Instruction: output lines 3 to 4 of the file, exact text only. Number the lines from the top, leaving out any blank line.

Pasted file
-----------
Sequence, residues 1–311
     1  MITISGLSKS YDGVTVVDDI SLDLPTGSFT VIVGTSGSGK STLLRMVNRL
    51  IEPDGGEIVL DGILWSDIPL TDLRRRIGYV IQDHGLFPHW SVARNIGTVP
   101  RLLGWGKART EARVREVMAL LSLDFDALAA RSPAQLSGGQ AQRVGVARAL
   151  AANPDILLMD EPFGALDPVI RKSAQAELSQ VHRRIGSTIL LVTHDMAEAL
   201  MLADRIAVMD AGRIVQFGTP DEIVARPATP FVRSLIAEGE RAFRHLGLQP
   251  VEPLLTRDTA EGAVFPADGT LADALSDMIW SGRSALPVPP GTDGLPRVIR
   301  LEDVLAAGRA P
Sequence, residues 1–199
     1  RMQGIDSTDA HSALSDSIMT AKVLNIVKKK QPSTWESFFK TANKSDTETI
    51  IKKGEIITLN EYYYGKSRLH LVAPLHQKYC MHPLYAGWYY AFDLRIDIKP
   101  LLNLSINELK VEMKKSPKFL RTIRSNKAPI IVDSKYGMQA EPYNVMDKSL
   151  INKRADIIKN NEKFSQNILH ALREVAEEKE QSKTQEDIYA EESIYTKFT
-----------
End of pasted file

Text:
    51  IEPDGGEIVL DGILWSDIPL TDLRRRIGYV IQDHGLFPHW SVARNIGTVP
   101  RLLGWGKART EARVREVMAL LSLDFDALAA RSPAQLSGGQ AQRVGVARAL